ATOM 86 O H2O 86 142.907 −25.909 70.653 inf inf
ATOM 87 O H2O 87 146.588 −25.657 70.623 inf inf
ATOM 88 O H2O 88 147.374 −25.700 70.660 inf inf
ATOM 89 O H2O 89 148.108 −25.686 70.594 inf inf
ATOM 90 O H2O 90 142.531 −25.283 70.673 inf inf
ATOM 91 O H2O 91 147.001 −25.530 70.644 inf inf
ATOM 92 O H2O 92 148.427 −25.333 70.643 inf inf
ATOM 93 O H2O 93 146.982 −24.943 70.558 inf inf
ATOM 94 O H2O 94 148.109 −25.140 70.625 inf inf
ATOM 95 O H2O 95 147.195 −24.587 70.651 inf inf
ATOM 96 O H2O 96 147.177 −24.225 70.696 inf inf
ATOM 97 O H2O 97 142.471 −23.515 70.647 inf inf
ATOM 98 O H2O 98 142.595 −23.318 70.666 inf inf
ATOM 99 O H2O 99 142.934 −22.926 70.677 inf inf
ATOM 100 O H2O 100 146.583 −22.969 70.735 inf inf
ATOM 101 O H2O 101 146.022 −22.436 70.730 inf inf
ATOM 102 O H2O 102 144.417 −22.087 70.674 inf inf
ATOM 103 O H2O 103 145.844 −22.277 70.742 inf inf
ATOM 104 O H2O 104 144.233 −27.553 71.039 inf inf
ATOM 105 O H2O 105 143.655 −27.432 70.974 inf inf
ATOM 106 O H2O 106 144.442 −27.438 70.968 inf inf
ATOM 107 O H2O 107 142.971 −26.975 71.068 inf inf
ATOM 108 O H2O 108 144.850 −26.872 70.763 inf inf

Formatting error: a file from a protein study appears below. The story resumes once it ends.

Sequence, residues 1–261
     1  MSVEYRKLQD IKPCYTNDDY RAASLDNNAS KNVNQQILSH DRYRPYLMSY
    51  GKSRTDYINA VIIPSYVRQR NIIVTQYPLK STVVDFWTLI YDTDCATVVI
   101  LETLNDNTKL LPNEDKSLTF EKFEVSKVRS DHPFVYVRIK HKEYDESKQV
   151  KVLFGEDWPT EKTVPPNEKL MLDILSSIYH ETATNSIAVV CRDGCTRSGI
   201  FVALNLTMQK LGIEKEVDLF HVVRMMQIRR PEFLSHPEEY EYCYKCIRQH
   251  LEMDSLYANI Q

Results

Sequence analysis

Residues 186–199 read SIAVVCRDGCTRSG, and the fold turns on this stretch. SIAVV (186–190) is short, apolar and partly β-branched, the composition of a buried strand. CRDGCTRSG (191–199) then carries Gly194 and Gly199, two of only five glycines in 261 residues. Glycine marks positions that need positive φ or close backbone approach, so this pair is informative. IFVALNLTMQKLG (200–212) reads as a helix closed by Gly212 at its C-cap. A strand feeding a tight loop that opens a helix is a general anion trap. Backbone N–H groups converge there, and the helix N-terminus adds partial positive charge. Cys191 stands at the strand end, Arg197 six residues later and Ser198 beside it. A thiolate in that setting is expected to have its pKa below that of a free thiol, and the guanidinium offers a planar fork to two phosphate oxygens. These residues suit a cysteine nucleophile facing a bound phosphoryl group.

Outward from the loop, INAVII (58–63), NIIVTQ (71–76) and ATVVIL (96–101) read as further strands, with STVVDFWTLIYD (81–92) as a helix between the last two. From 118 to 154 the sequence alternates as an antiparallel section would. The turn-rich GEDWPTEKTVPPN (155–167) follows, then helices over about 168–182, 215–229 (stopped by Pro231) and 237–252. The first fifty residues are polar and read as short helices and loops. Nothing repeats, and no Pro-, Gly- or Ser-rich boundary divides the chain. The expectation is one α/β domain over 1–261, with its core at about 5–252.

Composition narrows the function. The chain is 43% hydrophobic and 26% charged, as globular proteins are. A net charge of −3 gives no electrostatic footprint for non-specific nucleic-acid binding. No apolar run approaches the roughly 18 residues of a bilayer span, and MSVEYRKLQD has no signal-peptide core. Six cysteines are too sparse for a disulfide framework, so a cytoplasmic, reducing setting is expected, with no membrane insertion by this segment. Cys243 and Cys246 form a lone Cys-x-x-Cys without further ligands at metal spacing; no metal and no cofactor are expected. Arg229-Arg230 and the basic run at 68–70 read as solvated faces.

ATOM 109 O H2O 109 142.790 −26.440 71.066 inf inf
ATOM 110 O H2O 110 145.888 −26.614 71.059 inf inf
ATOM 111 O H2O 111 147.185 −26.441 71.041 inf inf
ATOM 112 O H2O 112 148.109 −26.648 71.020 inf inf
ATOM 113 O H2O 113 148.669 −26.449 71.032 inf inf
ATOM 114 O H2O 114 146.285 −26.324 70.974 inf inf
ATOM 115 O H2O 115 147.001 −26.084 70.828 inf inf
ATOM 116 O H2O 116 148.503 −26.108 70.772 inf inf
ATOM 117 O H2O 117 142.649 −25.772 70.972 inf inf
ATOM 118 O H2O 118 142.535 −25.326 71.039 inf inf
ATOM 119 O H2O 119 142.463 −24.937 71.041 inf inf
ATOM 120 O H2O 120 148.837 −24.973 70.888 inf inf
ATOM 121 O H2O 121 147.762 −24.573 70.772 inf inf
ATOM 122 O H2O 122 149.033 −24.594 71.039 inf inf
ATOM 123 O H2O 123 148.108 −24.225 70.852 inf inf
ATOM 124 O H2O 124 142.459 −23.880 71.019 inf inf
ATOM 125 O H2O 125 148.477 −23.866 70.928 inf inf
ATOM 126 O H2O 126 142.550 −23.661 71.054 inf inf
ATOM 127 O H2O 127 147.710 −23.518 70.952 inf inf
ATOM 128 O H2O 128 148.845 −23.672 71.048 inf inf